Thursday, April 17 2014

European Network Against Racism Publish New Report



 The European Network Against Racism has published its report on ‘Racism in Europe’, which covers the period between January 2009 and March 2010. Its report deals with the many faces of racism and discrimination in Europe at both legislative and local level, from policy to practice. It has been compiled using grassroots data collected by a large network of NGOs.

The executive summary states that across the EU, “ethnic and religious minorities continue to face discrimination and exclusion. Manifestations of racism and racial discrimination are reported across the EU in various sectors, namely: employment; housing; education; health; policing; racist violence and crime; access to goods and services; the media.”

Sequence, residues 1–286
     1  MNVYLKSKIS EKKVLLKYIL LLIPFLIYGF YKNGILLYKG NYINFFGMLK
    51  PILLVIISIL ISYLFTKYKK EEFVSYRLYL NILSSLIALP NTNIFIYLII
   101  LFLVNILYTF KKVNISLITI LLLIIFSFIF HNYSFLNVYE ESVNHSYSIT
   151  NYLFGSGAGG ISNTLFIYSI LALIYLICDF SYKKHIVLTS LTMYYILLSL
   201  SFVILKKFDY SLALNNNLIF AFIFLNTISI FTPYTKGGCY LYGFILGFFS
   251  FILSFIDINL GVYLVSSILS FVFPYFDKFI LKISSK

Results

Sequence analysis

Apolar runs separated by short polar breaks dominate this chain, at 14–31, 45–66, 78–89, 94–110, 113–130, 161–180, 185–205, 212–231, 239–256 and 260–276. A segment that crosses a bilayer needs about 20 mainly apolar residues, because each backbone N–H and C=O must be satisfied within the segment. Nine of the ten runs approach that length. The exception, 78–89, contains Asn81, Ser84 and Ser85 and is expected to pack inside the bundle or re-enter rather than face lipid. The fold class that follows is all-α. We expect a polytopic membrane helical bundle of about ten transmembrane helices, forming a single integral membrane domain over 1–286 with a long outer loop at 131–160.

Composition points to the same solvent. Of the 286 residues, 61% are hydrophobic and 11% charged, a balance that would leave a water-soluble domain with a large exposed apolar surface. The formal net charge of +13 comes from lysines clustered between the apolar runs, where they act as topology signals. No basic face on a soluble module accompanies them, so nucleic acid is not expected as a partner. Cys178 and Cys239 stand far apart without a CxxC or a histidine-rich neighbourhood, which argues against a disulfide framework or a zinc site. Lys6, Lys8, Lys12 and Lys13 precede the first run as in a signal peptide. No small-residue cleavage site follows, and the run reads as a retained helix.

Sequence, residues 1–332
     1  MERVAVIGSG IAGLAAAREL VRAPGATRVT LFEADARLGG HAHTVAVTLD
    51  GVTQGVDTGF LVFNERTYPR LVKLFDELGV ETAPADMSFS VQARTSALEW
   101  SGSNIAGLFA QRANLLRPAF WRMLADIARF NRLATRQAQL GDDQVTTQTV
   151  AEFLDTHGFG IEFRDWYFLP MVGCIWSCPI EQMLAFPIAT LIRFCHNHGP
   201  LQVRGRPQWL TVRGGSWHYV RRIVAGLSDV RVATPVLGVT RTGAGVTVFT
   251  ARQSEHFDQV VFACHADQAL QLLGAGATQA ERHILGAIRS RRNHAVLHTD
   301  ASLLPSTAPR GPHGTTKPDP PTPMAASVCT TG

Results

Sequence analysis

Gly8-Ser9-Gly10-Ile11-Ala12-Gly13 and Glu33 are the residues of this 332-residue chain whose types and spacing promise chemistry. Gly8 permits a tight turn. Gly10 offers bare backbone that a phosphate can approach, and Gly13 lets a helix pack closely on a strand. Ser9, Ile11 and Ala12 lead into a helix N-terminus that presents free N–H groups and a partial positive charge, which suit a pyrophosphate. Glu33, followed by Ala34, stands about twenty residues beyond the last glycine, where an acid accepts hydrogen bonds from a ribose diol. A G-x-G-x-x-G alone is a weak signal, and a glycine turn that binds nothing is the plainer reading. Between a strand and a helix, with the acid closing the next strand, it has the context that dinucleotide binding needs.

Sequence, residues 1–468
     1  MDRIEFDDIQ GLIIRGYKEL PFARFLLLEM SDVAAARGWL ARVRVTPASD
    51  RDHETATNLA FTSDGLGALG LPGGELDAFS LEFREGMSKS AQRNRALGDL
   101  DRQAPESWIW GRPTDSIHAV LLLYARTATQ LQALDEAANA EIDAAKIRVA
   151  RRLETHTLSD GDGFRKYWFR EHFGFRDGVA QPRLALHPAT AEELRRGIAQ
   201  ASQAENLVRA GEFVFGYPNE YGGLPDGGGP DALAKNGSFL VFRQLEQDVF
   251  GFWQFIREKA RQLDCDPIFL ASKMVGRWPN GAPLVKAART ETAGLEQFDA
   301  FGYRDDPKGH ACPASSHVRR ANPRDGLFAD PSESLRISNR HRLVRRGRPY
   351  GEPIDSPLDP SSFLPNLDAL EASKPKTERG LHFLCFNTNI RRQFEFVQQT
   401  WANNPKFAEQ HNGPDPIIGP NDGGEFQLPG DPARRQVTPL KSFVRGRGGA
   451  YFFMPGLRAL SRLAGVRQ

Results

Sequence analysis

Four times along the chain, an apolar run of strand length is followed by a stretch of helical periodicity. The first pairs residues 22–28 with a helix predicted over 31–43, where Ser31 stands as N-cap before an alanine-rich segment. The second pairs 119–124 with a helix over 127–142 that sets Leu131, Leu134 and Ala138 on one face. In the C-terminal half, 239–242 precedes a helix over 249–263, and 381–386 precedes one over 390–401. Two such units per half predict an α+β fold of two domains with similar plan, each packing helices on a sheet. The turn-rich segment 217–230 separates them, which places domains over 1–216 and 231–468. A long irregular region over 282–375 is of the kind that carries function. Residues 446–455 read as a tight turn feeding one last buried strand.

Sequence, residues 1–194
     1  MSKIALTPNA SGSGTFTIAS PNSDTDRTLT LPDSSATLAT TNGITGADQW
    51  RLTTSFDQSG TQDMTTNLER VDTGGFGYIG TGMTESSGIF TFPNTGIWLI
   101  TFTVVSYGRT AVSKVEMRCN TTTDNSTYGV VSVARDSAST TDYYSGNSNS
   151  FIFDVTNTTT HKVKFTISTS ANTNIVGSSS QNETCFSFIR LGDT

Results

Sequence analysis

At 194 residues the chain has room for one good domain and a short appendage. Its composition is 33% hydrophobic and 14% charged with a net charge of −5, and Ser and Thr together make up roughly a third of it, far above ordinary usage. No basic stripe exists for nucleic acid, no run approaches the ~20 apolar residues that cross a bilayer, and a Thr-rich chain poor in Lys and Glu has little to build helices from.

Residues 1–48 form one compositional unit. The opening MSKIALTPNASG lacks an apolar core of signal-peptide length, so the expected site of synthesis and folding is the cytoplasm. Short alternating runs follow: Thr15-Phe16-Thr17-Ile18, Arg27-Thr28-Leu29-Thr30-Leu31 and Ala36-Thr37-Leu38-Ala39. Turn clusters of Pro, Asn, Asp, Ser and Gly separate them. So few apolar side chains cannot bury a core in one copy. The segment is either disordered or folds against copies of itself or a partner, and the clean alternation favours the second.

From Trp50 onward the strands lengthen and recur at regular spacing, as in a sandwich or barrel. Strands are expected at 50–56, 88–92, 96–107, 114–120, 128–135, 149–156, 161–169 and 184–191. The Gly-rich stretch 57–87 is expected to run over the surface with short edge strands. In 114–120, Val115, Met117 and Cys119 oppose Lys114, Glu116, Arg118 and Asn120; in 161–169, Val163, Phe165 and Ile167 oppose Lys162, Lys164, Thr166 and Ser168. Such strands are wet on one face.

“To different degrees, across different countries, Roma, migrants, refugees and asylum seekers, Muslims and Jews continued to be the groups most widely susceptible to discrimination and racism.”

 
Below are some of the key findings contained within the report in relation to Muslim communities. You can read the report in full here.

Detailing communities vulnerable to racism, the report notes: “The Muslim community is also specifically earmarked by most national reports as being susceptible to racism. The EU-MIDIS Report found that a third of Muslim respondents had experienced discrimination over the 12 month research period and each of them reported, on average, eight cases of discrimination.”